It is important to remember that studies and statistics can only account for the reported information and cannot claim accountability for those who do not participate.
Unsurprisingly, efforts to obtain money can revert to borrowing from family and friends. However, addiction teaches the brain how to manipulate anyone to get what they want. Therefore, since people struggling with addiction are not likely to express the real reason for needing money, lying becomes common.
Additionally, the depletion of all financial resources leaves no room to pay bills, including phones, electricity, or rent.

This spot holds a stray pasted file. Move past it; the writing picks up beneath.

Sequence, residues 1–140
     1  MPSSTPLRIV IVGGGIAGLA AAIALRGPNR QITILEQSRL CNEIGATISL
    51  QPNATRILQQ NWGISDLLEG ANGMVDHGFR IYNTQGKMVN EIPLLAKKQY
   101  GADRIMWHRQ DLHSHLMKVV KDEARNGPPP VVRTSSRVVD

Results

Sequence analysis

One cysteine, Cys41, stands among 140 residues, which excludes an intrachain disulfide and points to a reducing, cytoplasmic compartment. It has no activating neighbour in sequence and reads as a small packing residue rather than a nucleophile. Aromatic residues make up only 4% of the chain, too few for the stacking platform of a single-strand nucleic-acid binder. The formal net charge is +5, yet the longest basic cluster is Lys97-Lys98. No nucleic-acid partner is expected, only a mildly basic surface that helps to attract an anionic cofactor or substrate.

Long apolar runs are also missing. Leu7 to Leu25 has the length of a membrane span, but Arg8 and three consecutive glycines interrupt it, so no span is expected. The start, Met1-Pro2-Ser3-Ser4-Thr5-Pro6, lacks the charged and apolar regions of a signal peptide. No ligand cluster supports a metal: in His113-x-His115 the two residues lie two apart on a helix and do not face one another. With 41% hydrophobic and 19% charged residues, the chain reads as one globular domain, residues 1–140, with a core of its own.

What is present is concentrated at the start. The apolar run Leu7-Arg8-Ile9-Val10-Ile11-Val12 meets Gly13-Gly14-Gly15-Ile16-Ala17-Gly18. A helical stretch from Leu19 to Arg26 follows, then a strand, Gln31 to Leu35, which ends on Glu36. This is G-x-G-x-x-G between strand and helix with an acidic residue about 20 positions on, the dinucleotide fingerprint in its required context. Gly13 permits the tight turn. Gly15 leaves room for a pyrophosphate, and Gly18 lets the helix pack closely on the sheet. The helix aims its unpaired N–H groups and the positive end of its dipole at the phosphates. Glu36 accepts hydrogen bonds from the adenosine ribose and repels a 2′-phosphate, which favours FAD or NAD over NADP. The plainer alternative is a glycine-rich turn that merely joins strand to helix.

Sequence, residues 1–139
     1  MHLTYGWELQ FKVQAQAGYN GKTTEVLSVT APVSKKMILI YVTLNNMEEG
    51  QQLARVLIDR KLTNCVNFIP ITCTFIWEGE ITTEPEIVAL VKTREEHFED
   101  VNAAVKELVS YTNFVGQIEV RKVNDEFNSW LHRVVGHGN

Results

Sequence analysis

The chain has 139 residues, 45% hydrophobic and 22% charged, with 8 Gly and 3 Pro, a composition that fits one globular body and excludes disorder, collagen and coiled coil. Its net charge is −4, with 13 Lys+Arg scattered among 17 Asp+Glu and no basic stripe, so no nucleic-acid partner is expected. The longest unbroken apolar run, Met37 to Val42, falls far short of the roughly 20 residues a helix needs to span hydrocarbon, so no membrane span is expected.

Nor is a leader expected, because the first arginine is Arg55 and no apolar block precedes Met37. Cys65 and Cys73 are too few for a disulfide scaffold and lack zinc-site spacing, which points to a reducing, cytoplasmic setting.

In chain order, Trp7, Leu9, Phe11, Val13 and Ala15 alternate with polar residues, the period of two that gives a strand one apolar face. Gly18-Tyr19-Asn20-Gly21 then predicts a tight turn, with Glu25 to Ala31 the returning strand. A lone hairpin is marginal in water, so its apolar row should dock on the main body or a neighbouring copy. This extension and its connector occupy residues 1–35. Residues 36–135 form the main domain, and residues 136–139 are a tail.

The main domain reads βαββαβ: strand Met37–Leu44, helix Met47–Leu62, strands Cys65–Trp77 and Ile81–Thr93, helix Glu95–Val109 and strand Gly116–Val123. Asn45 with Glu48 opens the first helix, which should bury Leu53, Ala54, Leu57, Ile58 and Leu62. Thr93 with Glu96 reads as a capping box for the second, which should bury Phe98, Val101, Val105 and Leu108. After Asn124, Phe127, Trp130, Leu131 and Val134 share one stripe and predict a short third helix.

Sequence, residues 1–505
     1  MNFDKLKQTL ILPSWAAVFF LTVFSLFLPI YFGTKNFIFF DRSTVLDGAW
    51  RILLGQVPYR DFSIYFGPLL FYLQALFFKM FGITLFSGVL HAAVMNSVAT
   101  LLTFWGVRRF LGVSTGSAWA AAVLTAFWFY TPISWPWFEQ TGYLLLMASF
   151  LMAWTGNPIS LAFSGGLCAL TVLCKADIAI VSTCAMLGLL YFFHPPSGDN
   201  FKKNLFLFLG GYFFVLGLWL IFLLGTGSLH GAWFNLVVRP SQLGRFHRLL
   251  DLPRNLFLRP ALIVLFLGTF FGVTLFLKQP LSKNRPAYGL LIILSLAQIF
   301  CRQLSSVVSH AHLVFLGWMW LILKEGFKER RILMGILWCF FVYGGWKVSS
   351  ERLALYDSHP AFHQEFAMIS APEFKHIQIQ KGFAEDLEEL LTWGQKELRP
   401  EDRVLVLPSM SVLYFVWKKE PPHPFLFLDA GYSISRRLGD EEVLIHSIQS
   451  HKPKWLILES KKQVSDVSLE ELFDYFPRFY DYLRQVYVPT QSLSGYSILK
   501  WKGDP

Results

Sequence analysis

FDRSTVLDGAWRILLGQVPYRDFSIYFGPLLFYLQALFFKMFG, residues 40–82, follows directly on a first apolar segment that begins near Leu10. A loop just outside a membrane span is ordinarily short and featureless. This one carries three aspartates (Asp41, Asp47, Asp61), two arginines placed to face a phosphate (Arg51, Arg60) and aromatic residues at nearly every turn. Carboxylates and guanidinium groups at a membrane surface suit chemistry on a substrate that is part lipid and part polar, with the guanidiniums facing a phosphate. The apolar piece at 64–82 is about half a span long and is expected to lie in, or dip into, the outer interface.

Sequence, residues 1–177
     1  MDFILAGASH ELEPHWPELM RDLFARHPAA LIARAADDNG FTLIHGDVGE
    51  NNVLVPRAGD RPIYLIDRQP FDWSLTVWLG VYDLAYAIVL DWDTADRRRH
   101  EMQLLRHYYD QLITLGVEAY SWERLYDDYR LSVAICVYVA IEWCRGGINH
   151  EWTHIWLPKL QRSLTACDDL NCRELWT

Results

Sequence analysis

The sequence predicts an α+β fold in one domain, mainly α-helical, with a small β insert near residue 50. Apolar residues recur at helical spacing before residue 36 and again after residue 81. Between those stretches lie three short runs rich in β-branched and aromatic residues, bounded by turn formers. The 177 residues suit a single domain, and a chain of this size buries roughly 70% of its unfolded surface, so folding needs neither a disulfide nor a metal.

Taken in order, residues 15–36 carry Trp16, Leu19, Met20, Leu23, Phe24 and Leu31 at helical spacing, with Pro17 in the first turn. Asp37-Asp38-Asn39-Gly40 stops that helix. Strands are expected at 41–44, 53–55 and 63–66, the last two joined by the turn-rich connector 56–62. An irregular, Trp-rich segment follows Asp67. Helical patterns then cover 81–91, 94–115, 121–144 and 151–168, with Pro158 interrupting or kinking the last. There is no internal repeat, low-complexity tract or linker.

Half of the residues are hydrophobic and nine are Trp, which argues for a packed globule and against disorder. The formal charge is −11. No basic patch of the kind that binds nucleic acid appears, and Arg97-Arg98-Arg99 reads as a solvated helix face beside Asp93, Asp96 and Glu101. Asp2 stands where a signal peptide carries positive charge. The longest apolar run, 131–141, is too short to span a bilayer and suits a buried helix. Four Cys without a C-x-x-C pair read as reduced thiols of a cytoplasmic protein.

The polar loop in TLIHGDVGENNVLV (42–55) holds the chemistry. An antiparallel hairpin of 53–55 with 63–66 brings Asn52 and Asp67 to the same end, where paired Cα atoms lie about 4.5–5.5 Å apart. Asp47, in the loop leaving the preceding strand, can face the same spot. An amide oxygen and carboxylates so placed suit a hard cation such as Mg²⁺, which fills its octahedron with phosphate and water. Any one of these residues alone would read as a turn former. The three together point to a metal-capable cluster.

Companies that provide essential need services can usually demonstrate flexibility in bill payment; however, that courtesy can only extend so far.
Debt collectors leave negative marks on a person’s credit report, which can linger for up to 7 years. These negative marks impact an addict’s current financial situation and can follow them for almost a decade.
Negative marks on credit reports make it extremely difficult to request credit lines, avoid high deposits, or get approval for legal residencies.
Addiction can take everything away from an addict, and the persistence to continue using is a loud cry for help.
Amid all the stress and turmoil of financial loss, tools and resources are available to addicts inside rehabilitation and throughout addiction treatment.
During treatment, the programs rejuvenate all aspects of a person’s life affected by drug use, such as: